That said, I agree entirely that clearance is the critical factor as far as maximizing support for a given airflow.   Sealing however is counter productive.  You have to have flow to get the support.  There is an optimal clearance and an optimal airflow & pressure.  If your clearance is too close, the pressure must be significantly higher.   Pressure (in psi) * Flow (cubic feet per minute) / 12790 = Horsepower..........    Clearly increasing pressure or increasing flow has an equal effect on horsepower.   Tighten your clearances and you need more pressure.......... loosen your clearances and you need more flow (within reason), the result within a reasonable range is going to be a roughly equal horsepower requirement on your compressor.

                                                                                          Howard

                  Howard,

                  New Way in its application guide at http://www.newwayairbearings.com/design/application-guide says:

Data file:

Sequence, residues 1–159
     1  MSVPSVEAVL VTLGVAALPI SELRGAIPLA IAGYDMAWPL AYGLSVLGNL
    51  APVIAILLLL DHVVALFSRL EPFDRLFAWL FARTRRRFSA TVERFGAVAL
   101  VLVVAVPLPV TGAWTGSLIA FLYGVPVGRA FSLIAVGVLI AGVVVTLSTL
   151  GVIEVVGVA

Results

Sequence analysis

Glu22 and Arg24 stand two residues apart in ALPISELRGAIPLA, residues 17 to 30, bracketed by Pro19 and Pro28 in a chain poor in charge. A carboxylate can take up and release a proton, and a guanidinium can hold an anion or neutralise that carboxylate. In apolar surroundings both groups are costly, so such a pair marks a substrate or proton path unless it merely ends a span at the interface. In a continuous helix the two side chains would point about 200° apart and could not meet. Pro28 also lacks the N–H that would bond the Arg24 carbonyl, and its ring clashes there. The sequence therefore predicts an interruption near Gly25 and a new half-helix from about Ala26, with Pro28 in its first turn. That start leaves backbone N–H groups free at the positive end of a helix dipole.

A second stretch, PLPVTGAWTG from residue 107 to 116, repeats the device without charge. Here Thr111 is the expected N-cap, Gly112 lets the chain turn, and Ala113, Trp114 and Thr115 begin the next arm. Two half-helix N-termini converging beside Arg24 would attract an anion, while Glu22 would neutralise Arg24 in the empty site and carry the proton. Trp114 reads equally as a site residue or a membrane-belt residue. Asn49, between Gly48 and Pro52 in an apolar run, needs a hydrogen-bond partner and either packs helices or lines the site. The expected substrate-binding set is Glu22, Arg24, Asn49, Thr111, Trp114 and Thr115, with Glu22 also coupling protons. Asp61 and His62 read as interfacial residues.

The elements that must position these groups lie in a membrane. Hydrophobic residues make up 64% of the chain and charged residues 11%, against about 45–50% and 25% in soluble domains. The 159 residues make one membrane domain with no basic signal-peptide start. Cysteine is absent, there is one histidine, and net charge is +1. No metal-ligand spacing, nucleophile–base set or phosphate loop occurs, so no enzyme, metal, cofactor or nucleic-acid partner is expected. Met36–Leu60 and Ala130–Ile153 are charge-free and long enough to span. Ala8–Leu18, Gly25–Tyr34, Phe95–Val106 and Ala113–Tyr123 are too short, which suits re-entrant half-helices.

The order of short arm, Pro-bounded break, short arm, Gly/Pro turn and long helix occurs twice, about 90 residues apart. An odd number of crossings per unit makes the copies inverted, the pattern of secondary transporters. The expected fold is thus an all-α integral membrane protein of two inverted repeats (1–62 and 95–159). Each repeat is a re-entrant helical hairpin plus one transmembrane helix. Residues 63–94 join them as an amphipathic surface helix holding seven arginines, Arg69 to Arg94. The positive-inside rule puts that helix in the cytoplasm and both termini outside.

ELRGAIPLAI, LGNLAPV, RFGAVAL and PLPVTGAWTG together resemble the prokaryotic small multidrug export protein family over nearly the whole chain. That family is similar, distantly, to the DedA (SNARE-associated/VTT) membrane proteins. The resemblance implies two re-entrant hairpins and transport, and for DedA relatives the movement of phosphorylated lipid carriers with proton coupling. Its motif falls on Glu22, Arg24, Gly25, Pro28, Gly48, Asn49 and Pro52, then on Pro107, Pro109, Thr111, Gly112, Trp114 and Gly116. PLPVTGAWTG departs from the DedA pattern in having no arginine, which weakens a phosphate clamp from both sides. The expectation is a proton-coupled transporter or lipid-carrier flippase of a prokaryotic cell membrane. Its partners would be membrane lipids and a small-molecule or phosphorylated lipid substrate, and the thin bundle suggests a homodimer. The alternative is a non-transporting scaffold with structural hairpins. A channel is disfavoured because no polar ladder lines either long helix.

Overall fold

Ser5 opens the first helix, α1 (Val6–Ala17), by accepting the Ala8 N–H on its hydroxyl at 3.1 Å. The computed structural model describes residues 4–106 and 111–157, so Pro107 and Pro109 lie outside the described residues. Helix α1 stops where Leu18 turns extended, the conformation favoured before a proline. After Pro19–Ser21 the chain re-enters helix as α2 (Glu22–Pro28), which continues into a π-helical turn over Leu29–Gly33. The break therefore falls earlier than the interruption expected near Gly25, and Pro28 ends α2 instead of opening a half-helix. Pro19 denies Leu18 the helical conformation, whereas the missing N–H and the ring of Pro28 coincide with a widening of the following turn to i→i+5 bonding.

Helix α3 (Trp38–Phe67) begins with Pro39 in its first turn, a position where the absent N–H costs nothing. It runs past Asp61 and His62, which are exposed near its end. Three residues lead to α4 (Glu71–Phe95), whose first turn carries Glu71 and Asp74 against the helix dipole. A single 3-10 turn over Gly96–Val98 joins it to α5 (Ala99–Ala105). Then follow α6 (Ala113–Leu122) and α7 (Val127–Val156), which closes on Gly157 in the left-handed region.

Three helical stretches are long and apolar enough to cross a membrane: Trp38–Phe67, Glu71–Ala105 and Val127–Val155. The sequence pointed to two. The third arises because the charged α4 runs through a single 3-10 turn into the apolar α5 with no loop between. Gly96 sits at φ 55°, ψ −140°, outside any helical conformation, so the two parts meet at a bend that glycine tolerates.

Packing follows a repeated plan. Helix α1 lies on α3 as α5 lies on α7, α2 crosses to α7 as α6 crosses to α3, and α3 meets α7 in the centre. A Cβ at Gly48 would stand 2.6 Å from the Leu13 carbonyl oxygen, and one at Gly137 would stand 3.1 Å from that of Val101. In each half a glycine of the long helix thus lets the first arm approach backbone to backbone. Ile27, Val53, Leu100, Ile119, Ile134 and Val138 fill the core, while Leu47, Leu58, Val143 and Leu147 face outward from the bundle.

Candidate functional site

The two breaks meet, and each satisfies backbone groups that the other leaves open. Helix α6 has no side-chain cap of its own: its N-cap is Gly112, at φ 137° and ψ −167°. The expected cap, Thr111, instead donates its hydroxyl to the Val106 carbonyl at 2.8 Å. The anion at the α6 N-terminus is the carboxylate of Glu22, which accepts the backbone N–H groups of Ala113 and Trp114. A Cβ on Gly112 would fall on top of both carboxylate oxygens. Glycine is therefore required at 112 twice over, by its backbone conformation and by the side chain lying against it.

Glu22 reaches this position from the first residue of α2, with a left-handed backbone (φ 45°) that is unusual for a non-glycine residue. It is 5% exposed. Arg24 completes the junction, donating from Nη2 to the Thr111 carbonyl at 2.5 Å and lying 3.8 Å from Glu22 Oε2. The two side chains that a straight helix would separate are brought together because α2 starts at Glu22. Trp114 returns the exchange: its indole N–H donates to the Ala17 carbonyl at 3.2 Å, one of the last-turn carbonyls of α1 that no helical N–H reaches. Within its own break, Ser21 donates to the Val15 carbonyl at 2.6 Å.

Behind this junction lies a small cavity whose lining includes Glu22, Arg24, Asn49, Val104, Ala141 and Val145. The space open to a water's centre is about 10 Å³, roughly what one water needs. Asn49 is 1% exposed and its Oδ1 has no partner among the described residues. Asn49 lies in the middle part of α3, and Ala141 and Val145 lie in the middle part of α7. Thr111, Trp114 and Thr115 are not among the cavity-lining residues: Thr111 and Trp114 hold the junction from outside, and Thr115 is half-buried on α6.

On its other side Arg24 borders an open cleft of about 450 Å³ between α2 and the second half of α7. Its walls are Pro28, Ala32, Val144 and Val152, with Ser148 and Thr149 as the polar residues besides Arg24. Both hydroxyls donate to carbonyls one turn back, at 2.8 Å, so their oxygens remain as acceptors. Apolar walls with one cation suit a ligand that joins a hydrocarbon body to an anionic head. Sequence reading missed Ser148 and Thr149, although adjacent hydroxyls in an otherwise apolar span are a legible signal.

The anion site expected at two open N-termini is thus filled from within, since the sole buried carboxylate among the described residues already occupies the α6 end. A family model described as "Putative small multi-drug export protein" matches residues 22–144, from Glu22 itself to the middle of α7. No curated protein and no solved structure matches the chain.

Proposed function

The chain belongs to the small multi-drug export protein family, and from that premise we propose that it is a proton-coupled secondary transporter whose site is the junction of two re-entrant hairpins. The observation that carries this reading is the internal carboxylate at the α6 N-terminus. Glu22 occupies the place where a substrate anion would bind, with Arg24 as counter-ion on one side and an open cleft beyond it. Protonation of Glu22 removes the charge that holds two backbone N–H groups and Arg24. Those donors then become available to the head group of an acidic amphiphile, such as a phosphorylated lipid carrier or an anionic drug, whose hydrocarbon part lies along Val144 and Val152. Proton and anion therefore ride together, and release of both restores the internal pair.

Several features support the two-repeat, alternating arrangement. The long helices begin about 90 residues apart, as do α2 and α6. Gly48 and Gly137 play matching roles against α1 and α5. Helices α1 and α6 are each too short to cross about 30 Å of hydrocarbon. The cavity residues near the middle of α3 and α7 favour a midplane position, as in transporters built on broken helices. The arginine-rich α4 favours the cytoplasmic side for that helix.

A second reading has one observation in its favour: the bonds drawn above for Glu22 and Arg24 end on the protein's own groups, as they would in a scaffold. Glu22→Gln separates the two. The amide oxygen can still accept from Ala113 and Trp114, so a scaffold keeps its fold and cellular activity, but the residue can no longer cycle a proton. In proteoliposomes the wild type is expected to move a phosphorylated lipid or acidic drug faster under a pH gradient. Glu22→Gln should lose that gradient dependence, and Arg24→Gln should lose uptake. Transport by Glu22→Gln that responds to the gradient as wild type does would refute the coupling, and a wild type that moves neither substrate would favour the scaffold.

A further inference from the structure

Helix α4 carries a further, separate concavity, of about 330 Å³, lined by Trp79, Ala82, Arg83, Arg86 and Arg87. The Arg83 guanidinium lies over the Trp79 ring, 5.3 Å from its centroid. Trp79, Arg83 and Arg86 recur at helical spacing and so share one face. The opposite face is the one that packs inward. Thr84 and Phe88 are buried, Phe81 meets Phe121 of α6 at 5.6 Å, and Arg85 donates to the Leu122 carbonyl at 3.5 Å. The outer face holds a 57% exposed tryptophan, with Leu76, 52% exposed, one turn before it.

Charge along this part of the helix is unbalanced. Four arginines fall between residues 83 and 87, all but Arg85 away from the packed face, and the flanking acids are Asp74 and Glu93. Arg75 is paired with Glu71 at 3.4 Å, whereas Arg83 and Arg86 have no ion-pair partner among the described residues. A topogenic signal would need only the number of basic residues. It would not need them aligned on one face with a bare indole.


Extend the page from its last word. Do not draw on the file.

Airflow through a bearing gap is quite sensitive to the gap; in fact it is a cube function of the gap. As
                  an example of two inch diameter bearing with 75 pounds of load would consume 4 standard cubic
                  feet per hour at 200 micro inches of lift. For this bearing to carry the same load at 400 micro inches
                  of lift 64 standard cubic feet per hour of air would be required. It can easily be seen that small gaps
                  keep restriction high and hence reduce flow and power requirements. Less airflow means less air
                  needs to be compressed cleaned and dried reducing cost of ownership issues.

                  Four standard cubic feet per HOUR is not a lot of air, that is about 1/60 of the output of a common 2 HP compressor.  In fact, a 1/8 HP Harbor Freight compressor runs 30 CFH at 20 PSI (0.5 CFM), less at higher pressure, and this is not a high end compressor.  They are talking 200 micro inches, 0.0002" in this example, depending on finish that may be way too big a gap.

                  Most air bearings these days will not allow one to move the supported structure without damage without air pressure.